Since the .gitignore for the project will normally list both the app/bower_components and the node_packages directory, you won’t be checking in those pieces with your code (assuming you use Git as a version control mechanism). Instead, whenever checking out the project onto a new machine, just run “npm install” and “bower install” within the project directory and the tools will use the package.json and bower.json files to make sure all the needed pieces are installed.

But that’s not all

Keeping these tools up-to-date might prove difficult if not for the fact that the Node Package Manager is capable of doing so automatically via “npm update -g” for all your global software like Yeoman, Bower, etc. or “npm update” within the project directory to update Grunt packages, etc. I’m not going to contend that it always goes flawlessly, lots of this software is still beta and undergoing lots of changes so there have been days when I needed to remove it all and reinstall; but that’s rare and usually takes only a few minutes.

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9 thoughts on “Yeoman, Grunt, and Bower

  1. eonlepapillon

    A small “mistake”? First paragraph of section Grunt. The text “…into the “dist” directory. Bower will have concatenated CSS…” should probably be “…into the “dist” directory. Grunt will have concatenated CSS…”?

    Reply
  2. Pingback: Yoeman - Steel Bison Dev blog

  3. maverickpuss

    thanks for John for the nice and helpful post, it’s a great summary indeed and really helps me a lot!

    i’ve translated it into Chinese, maybe there will be some guys that find this post through baidu.com, if he saw this, he could go to my blog to see the translated version, any advises will be apreciated :)
    我把这个翻译了,放在我的博客上,如果有从搜索过来的朋友想看看的话,若有理解不对的地方欢迎提意见~

    the translation: http://184.82.206.139/post/12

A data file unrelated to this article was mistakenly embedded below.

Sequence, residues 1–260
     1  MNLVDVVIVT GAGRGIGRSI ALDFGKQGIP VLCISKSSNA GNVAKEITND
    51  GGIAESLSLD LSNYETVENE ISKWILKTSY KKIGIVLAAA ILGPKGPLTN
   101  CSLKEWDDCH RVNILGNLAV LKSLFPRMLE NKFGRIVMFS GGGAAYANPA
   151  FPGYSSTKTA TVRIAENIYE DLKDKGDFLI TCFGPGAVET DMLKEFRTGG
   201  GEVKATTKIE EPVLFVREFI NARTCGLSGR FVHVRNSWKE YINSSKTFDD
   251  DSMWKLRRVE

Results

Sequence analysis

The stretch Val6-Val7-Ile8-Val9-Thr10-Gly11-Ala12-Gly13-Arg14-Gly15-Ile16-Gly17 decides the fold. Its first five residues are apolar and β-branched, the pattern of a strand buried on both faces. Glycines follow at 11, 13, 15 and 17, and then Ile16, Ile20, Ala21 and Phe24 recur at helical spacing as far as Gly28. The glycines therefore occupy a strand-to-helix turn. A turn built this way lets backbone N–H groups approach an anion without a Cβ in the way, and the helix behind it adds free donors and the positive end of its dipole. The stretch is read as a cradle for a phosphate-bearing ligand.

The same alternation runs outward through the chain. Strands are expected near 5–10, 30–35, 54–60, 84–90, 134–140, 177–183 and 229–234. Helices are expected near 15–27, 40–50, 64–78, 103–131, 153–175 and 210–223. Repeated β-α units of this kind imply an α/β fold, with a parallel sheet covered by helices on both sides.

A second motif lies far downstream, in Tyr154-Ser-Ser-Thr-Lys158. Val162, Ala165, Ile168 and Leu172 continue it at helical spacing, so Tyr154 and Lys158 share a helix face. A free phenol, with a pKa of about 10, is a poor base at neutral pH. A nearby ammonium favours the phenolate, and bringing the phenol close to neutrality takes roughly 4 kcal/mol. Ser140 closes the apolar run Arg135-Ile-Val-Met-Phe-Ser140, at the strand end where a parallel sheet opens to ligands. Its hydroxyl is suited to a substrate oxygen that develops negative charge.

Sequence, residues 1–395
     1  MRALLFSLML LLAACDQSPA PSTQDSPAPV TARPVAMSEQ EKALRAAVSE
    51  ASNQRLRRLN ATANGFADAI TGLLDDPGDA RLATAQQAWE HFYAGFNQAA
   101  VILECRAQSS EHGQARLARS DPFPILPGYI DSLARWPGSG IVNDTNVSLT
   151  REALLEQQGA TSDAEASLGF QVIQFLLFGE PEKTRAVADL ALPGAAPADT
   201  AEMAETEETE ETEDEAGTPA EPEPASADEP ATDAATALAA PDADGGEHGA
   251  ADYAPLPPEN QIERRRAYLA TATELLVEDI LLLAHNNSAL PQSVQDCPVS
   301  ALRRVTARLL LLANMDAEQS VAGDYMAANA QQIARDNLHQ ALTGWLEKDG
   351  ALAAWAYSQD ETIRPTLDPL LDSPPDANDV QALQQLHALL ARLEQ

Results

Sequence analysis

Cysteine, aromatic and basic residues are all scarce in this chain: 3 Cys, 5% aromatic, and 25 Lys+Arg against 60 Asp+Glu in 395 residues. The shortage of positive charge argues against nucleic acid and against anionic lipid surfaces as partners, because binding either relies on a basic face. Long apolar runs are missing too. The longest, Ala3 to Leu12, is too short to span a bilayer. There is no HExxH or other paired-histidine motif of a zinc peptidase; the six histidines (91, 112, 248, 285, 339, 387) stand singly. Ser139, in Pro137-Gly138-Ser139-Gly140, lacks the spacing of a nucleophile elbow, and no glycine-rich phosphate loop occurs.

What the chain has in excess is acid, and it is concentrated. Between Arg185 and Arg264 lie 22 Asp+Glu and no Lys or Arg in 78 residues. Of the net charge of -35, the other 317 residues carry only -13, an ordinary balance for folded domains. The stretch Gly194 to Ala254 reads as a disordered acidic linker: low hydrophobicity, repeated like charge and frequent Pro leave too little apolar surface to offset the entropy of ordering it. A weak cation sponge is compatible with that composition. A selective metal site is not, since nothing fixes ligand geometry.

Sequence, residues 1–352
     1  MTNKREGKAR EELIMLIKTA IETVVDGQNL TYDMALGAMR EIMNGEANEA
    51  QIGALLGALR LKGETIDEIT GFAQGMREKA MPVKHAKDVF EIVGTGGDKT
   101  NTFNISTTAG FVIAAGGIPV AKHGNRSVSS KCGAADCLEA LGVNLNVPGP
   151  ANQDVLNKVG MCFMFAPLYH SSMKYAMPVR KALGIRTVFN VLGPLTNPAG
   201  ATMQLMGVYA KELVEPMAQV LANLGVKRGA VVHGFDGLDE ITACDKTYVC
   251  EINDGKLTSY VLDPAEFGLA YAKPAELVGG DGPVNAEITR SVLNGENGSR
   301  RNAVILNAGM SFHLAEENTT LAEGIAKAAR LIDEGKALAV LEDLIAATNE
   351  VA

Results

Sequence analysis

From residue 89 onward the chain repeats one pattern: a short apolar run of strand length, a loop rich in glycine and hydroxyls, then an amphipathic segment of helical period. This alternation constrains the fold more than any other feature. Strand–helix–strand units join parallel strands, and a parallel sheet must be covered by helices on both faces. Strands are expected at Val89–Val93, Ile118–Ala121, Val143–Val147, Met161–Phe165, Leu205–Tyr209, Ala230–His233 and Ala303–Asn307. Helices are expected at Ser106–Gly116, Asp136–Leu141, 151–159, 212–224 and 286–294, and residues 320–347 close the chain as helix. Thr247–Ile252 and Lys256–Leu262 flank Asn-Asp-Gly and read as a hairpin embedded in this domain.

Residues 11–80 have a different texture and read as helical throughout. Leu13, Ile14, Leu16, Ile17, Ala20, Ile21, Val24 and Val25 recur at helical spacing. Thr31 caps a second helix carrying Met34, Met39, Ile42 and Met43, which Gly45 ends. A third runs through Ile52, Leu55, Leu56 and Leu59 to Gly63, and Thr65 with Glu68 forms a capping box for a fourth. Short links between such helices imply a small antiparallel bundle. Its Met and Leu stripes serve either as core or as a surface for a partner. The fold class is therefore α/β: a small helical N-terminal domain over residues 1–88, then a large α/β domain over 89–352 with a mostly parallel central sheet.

Reply
  4. Ben

    What IDE would be best with this? As a Java developer it would be ideal if I could get this working with an eclipse project. I don’t really want different IDE’s for the client side and the REST API.

    Reply
    1. John Munsch Post author

      I tried to use Eclipse when I switched to the world of JavaScript/HTML/CSS full time because I had used Eclipse for years as my Java IDE. However, I found its parsing of JavaScript to be substandard and it just didn’t have some of the many features I really wanted.

      So I switched from Eclipse to WebStorm and have been quite happy since. So, where does that leave you. I would recommend that you give IntelliJ IDEA (http://www.jetbrains.com/idea/) a serious look. Lots of people like it as well as or better than Eclipse and it’s the engine behind WebStorm. If it’s as good for Java as people say then I think you’d have a pretty good IDE that works cross environment.

      Reply
  5. Ben

    Btw, as a follow up to this. I’ve been using eclipse to develop my REST backend in Java and testing with SoapUI. I’ve been treating the angular client as a separate project developed using the command line with yeoman tools and notepad++ for editing source. The problem I was having was how to test both of these together. I recently found the solution here http://alfrescoblog.com/2014/06/14/angular-js-activiti-webapp-with-activiti-rest/. Basically I’ve setup an apache server and configured it as a reverse proxy. Requests for rest web services get passed onto the tomcat server running in eclipse and requests for client resources get passed to the node.js server started when I do grunt serve. Thought I’d share because without this I was struggling to get a satisfactory workflow.

    Reply